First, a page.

Syracuse suspends 16 students for satirical frat roast
- Syracuse University has suspended 16 students for two full academic years for their involvement in an offensive fraternity skit.
- The Foundation for Individual Rights in Education (FIRE) is sharply criticizing the university, saying the suspensions fly in the face of the school's purported commitment to protecting free speech.
Syracuse University is coming under fire for issuing lengthy suspensions to 16 students who took part in an offensive fraternity skit earlier this year.
An internal investigation found the students guilty of “an immediate breach of the peace” for expression that was “beyond the bounds of protected speech,” according to a press release from the Foundation for Individual Rights in Education (FIRE).
Syracuse Chancellor Kent Syverud also called the contents of the video “extremely racist, anti-Semitic, homophobic, sexist, and hostile to people with disabilities” in a campus-wide email, according to The Daily Orange.
The charged students are facing an “indefinite suspension from Syracuse University for two academic years,” according to a copy of the hearing results released by FIRE.
In order to apply for readmission in the fall of 2020, each student must write a 12-page paper on being “a member of a diverse community,” read three books on inclusion or bystander intervention, and write a personal statement affirming that they “will contribute to building a positive community,” according to the hearing results.
The document also states that each student must perform 160 hours of community service before readmission, which according to FIRE is “more than the maximum recommended number of community service hours for Class B Misdemeanors in New York such as jury tampering.”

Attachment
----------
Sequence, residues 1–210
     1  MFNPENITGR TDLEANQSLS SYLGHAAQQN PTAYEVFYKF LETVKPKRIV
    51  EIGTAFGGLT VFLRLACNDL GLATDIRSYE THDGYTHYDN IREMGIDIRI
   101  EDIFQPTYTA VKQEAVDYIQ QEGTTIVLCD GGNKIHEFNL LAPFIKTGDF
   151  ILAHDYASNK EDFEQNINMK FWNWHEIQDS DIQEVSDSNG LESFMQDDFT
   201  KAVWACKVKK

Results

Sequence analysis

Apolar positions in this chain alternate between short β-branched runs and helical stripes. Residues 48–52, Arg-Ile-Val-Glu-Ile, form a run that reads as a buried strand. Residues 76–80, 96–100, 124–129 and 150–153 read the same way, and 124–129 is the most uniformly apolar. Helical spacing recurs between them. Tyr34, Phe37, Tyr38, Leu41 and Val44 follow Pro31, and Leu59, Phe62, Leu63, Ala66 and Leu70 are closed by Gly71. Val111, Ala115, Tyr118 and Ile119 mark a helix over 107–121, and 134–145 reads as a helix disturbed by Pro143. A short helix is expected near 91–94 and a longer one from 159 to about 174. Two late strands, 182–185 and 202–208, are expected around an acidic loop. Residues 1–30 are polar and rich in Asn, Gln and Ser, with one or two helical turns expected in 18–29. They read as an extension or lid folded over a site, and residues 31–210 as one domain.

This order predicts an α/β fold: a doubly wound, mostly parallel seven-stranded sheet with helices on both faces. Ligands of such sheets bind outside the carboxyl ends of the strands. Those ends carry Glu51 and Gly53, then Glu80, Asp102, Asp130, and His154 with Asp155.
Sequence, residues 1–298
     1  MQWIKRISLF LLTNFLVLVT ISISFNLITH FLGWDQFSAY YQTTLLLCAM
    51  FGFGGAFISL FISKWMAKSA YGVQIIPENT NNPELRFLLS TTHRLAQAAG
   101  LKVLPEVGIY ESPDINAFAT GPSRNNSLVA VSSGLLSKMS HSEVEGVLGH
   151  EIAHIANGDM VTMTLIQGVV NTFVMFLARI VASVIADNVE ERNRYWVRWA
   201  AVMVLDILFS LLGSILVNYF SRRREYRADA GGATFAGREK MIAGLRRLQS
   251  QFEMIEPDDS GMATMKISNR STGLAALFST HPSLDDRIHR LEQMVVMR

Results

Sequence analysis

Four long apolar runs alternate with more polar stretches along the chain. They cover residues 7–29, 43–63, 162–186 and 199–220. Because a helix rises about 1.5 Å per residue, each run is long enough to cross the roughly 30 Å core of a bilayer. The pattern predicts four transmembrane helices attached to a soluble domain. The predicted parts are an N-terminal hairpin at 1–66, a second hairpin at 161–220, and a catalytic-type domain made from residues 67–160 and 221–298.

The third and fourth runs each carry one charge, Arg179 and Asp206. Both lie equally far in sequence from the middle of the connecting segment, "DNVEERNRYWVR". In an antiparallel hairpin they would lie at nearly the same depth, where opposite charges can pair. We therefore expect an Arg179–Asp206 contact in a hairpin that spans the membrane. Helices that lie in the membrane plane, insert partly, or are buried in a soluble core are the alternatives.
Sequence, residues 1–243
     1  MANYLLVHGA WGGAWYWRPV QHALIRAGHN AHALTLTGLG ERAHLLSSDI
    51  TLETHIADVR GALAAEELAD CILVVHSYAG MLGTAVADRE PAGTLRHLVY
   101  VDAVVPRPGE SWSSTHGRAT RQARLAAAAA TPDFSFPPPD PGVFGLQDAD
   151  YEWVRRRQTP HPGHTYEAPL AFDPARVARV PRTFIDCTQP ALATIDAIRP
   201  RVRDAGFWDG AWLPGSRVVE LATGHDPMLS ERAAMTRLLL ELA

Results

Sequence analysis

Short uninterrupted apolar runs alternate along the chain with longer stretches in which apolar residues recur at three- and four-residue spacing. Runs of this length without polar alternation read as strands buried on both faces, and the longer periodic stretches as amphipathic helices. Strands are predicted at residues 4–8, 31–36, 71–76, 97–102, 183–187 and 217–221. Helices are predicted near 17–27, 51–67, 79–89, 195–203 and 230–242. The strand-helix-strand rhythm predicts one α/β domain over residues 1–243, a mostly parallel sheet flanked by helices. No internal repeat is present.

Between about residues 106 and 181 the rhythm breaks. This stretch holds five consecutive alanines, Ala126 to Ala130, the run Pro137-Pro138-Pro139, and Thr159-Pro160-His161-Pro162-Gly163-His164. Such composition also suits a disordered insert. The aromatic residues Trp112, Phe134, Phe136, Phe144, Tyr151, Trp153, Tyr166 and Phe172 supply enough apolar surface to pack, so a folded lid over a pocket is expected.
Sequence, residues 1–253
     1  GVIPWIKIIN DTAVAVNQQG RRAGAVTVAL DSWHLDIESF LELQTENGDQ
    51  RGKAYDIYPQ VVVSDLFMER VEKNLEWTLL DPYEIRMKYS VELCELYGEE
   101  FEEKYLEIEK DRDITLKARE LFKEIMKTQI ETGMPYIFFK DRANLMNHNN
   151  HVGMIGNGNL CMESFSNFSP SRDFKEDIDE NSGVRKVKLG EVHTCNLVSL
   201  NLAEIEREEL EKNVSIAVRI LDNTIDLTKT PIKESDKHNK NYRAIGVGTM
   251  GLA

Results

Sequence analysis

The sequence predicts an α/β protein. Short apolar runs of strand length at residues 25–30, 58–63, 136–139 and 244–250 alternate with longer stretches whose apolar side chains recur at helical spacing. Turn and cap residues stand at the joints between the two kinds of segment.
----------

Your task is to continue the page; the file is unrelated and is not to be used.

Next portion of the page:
Regardless of the content of their speech, FIRE argues the students had every right to exercise the First Amendment, especially on a campus that promises students the right to free speech.
“Syracuse University is committed to the principle that freedom of discussion is essential to the search for truth and, consequently, welcomes and encourages the expression of dissent,” the Campus Disruption Policy states.
“Despite objections that these students were being tried as a group, by a biased committee, and ‘represented’ by an agent of the university, Syracuse has the gall to maintain that justice was served,” FIRE wrote in a letter to Syverud.
“Instead of keeping its promise of freedom of expression, Syracuse’s investigators went straight to ‘show me the man and I’ll find you the crime,’ endorsing the absurd belief that the roast threatened both the mental and physical health of people who were neither mentioned in it nor present for it,” stated Ari Cohn, director of FIRE’s Individual Rights Defense Program.
“Labeling this obvious satire ‘harassment’ makes light of the actual cases of serious harassment that colleges should be looking to combat, and wastes resources that could be used to investigate real offenses,” Cohn added. “Labeling it a ‘breach of the peace’ is just stupid.”
“Apparently, all that is required to throw a student out of school is that some other student claims to feel unsafe,” remarked Syracuse law professor Gregory Germain. “Rumors and self-serving statements by anonymous students are enough to justify severe academic punishments without regard to whether the accused’s statements or conduct are objectively threatening to anyone. It’s a terrible day for due process and free speech on college campuses.”
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